There is almost nothing journalists need to know about trademark law unless they are going into business for themselves.

  6. BP Myers

    @Dan says: But if he’s a copyright-infringer, then so was Andy Warhol. And he wasn’t.

    If Andy Warhol wasn’t a copyright-infringer, then there’s no such thing as copy-right infringement. Not sure why Cambell’s didn’t sue, though I suspect that whatever buzz was generated from his art was good for the company.

    But Warhol was sued by the photographer who took the photo his “Flowers” series was based on, and ended up paying her off in art.

    It is funny and ironic to see the Andy Warhol Foundation today cling tightly to their own copyrights of Warhol’s copy-right infringed work.

    • Dan Kennedy

      @BP: What Warhol did was “transformative” under the fair-use doctrine. You can always sue, and you can always choose to settle. And sometimes judges and juries make bad decisions. But the doctrine is the doctrine. He took copyrighted material and transformed it into something else, which is generally enough for protection purposes.

      Can’t put my hands on it instantly, but interestingly enough, a major court case on fair use that found against a guy who was selling Three Stooges T-shirts specifically cites Warhol’s Marilyn Monroe series. The Three Stooges guy didn’t do anything but use a picture of the Stooges, and the judge said that made his case different from what Warhol did.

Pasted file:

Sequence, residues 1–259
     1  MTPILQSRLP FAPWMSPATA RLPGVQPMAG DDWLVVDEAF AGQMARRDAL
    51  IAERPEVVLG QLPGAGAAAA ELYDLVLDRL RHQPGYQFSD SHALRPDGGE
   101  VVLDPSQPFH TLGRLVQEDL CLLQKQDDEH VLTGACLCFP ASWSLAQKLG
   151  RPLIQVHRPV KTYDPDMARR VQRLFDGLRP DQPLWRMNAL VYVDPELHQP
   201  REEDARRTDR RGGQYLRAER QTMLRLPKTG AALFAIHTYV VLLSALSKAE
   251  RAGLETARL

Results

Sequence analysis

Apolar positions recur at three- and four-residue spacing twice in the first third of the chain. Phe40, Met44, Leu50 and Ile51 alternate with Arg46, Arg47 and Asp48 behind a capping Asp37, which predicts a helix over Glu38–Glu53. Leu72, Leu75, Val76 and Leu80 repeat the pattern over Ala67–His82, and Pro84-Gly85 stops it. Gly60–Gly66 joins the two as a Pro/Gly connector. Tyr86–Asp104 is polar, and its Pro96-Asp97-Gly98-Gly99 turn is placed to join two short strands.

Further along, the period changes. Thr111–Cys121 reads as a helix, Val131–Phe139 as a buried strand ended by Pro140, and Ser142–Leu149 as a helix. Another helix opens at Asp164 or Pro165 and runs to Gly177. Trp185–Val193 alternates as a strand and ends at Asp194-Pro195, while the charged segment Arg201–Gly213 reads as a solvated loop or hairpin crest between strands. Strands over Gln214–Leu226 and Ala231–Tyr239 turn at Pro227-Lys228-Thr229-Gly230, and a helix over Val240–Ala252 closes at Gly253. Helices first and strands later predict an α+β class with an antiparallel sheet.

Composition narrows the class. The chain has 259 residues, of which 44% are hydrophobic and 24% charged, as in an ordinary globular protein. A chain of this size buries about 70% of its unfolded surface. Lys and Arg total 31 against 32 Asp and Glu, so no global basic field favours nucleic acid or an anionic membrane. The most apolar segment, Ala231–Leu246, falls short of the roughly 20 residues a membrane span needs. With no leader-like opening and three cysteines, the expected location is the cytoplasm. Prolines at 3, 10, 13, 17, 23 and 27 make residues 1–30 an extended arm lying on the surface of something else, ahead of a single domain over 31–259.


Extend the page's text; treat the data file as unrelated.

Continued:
7. BP Myers

    @Dan Kennedy says: What Warhol did was “transformative” under the fair-use doctrine.

    Ironic term, that, in that Warhol didn’t “transform” the work at all, he merely copied it.

    Rauschenberg was “transformative.” Warhol was a Xerox machine.

    But we’ll never really know in the Cambell’s Soup example, as it was never adjudicated. But apparently, his use of the “Flowers” photograph wasn’t transformative, or at least he opted to settle.

    Don’t get me wrong, I love Warhol’s work and deem it important. But had I been the photographer who snapped the original Jackie photo, or the graphic artist who came up with the original Cambpell’s Soup can, or the Brillo box design, I might be feeling a little ripped off.

  8. BP Myers

    @Dan: Nyuck nyuck nyuck.

    And thanks.

  9. ayanna morel

    I am Daniel Morel’s daughter, and I believe that it is wrong to take some ones picture and sell it and not give that person credit. It is the same thing with Limewire and Frostwire, if someone is caught downloading songs then they either will get fined or arrested BECAUSE the artist itself did not get any credit. Therefore my father had pictures stolen. from him and the person sold therefore my father SHOULD get credit for the pictures of his that are sold. Even though they were on Twitter and any one could take them, that does give the right to anyone to take them AND SELL them without his permission. And that goes or anybody who posts picture online anywhere. So I believe my Father should get the money back or at least some of it back it is unfair. It is irresponsible for anyone to take these picture. Papa I got your back.

    Ayanna Morel